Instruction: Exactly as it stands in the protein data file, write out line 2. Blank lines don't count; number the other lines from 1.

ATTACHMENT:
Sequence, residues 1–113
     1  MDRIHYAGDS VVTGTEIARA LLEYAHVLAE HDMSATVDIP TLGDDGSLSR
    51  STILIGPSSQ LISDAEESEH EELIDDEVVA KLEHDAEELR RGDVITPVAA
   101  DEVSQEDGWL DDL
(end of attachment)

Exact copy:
     1  MDRIHYAGDS VVTGTEIARA LLEYAHVLAE HDMSATVDIP TLGDDGSLSR